2. Social Riding: While it would be logical to assume that transportation should have preceeded courting, we're talking about tandems so it got first billing. Moreover, I would still maintain that with the exception of #3 below (sport), the courtship process or the pursuit of courtship did more to drive the interest in bicycling and the the tandem than anything else. Of course, with cycling being all the range in the 1890's, it was also logical that married couples and parent with children would most certainly want to pursue the activity.
3. Sport: If a track bike was fast, a track tandem would be faster... Tandem track racing and the tandem sprint was (and still is, but only for exhibition and paralympic events) one of the most exciting things you'll ever see on a track. The speeds are mind-blowing, even compared to the incredible speeds of todays super track stars. However, with tremendous speed and power comes tremendous risks and devastating accidents. Many a tandem sprint team ended up in hospitals which eventually led to the sport's disappearance from the Olympic games and, later, from USA Cycling events on America's velodrome schedules.
FWIW: To anyone not familiar with bicycle racing, while Europeans adopted "road racing" around the countryside in the United States track racing was the sporting rage. In fact, if you're a fan of American motor racing and either NASCAR or CART oval track racing you can pretty much thank the creation of the American Velodrome and track racing for creating the concept. Velodromes, track racing and "six day races" were again the rage for sport in America. In fact, there are all kinds of spin-offs from bicycle racing that you are probably familiar with but don't fully appreciate, e.g., Madison Square Gardens was built for bicycle racing and there is even a track racing event called "The Madison Race" that was invented there and named for it. Barney Oldfield was one of the most famous bicycle racers of his day, but is more well known for being one of the greats of American motor racing. But I digress.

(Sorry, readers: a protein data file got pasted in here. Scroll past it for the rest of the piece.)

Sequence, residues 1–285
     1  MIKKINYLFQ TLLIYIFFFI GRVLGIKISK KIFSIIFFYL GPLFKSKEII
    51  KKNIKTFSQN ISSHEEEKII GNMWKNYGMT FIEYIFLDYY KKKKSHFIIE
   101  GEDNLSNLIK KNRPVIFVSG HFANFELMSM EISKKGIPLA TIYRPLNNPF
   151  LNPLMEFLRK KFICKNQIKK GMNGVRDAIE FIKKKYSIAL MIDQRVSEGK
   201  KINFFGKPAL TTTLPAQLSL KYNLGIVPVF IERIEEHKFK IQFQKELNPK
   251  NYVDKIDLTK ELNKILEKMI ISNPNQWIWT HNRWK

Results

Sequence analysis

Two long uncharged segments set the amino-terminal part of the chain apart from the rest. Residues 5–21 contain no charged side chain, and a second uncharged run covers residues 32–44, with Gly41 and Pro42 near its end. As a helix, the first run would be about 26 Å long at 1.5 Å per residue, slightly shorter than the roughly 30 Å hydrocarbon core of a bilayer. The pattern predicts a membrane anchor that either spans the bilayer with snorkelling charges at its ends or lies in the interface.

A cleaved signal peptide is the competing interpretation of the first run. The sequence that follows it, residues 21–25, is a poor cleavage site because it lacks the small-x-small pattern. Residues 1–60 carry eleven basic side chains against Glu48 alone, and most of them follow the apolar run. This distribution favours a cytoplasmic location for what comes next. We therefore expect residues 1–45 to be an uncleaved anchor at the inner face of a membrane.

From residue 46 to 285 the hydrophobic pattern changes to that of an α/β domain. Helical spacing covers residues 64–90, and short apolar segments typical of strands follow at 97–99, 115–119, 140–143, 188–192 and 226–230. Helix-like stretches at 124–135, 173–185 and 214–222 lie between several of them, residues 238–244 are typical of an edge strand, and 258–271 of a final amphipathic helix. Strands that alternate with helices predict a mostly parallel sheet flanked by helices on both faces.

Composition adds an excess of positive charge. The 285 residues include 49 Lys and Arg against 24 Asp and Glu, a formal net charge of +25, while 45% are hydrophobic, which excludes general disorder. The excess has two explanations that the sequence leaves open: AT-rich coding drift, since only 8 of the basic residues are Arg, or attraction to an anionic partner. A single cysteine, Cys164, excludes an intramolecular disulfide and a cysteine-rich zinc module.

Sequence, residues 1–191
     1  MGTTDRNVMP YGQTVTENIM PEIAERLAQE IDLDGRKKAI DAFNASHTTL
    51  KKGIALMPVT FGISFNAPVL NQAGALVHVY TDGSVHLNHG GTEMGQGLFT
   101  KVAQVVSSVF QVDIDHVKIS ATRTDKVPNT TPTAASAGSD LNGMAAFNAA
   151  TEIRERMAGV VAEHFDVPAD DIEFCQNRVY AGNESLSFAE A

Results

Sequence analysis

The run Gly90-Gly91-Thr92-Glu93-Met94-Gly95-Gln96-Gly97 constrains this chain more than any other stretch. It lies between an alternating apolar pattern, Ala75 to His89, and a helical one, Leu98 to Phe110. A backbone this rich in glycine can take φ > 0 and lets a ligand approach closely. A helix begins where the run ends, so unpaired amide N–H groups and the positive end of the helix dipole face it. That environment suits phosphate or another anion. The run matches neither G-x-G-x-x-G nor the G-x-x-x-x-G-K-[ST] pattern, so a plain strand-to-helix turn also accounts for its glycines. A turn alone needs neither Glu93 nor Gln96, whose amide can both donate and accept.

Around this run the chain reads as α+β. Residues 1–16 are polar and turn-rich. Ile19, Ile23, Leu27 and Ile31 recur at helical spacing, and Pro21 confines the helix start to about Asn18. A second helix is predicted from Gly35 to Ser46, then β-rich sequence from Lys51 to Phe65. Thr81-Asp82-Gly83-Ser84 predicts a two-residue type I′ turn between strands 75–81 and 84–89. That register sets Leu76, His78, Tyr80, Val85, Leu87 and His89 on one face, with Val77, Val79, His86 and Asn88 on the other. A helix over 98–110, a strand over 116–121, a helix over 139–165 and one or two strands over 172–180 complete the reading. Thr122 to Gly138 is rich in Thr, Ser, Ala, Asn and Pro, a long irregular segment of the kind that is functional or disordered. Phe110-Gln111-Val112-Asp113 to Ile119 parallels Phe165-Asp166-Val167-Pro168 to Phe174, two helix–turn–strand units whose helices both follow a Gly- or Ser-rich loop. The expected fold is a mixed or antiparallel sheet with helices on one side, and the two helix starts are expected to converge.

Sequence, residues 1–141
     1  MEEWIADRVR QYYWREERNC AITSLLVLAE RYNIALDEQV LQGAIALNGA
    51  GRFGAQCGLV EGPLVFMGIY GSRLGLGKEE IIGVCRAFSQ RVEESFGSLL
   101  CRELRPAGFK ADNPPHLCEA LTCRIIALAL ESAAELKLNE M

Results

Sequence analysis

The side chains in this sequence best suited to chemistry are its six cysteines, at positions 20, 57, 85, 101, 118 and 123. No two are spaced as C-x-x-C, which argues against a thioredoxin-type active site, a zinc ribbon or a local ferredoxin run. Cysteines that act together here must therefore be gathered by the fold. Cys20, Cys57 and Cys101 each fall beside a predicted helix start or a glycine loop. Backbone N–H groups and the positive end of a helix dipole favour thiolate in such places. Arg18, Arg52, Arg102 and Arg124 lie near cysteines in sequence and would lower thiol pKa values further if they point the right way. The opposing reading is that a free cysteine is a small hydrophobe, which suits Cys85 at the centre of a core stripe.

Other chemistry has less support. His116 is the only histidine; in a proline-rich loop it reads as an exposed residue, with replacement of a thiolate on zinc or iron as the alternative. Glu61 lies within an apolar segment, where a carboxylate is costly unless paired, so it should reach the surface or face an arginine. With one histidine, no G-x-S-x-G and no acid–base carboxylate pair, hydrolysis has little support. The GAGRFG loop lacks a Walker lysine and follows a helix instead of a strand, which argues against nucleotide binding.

Bottom Line: Tandems were created because it's the best way to share a bicycle ride with someone you want to be close to or with someone who wouldn't otherwise be able to enjoying cycling on their own.
Time for a lesson in photo history. Back in those days, photos were taken with a view camera which used a large negative, sometimes emulsion on a glass plate. Lenses were slow, meaning not a lot of light got through them. Film emulsions were slow as well, requiring lots of light, which in turn meant a long exposure. I'm a bit hazy on exposure times, but they were much longer than our current fraction of a second. That's why smiles are rare in old photos, and child are even more rare. They may have had to hold that position for several seconds, perhaps a minute even. You simply couldn't hold a smile long enough, nor could small children sit still long enough to get a decent photo.
Re: photo history -- I have also heard that people the 19th century also took photo portraiture very seriously. It was expensive, time consuming and not frivolous. So they seldom smiled. Is that apocryphal/anecdotal--or their some basis in fact?
I'm sure there's a bit of truth to that. Photography was certainly more of an upp middle class thing. The only lower class people that had their photos taken on a regular basis in NewYork, for instance, were photograped by Jacob Riis. He was one of the first to use a flashgun. He would poke a huge camera through the window of a lodging house where 20 guys were sleeping off their liquor, take one shot, and run like hell. He was trying to effect social change, as many people lived in filth in the slums, and fires in crowded areas killed groups of people all at once. He also photographed Potters Field, the graveyard of the poor. His famous book that no one's ever read is called "How the other half lives".
Biggleswade - Set on the River Ivel, this busy town is in the heart of market gardening country. During the 18th C. it was an important coaching centre on the Great North Road, and many old inns remain today. Dan Albone (1860-1906), racing cyclist and inventor of the tandem bicycle, established the Ivel Cycle Works in the town.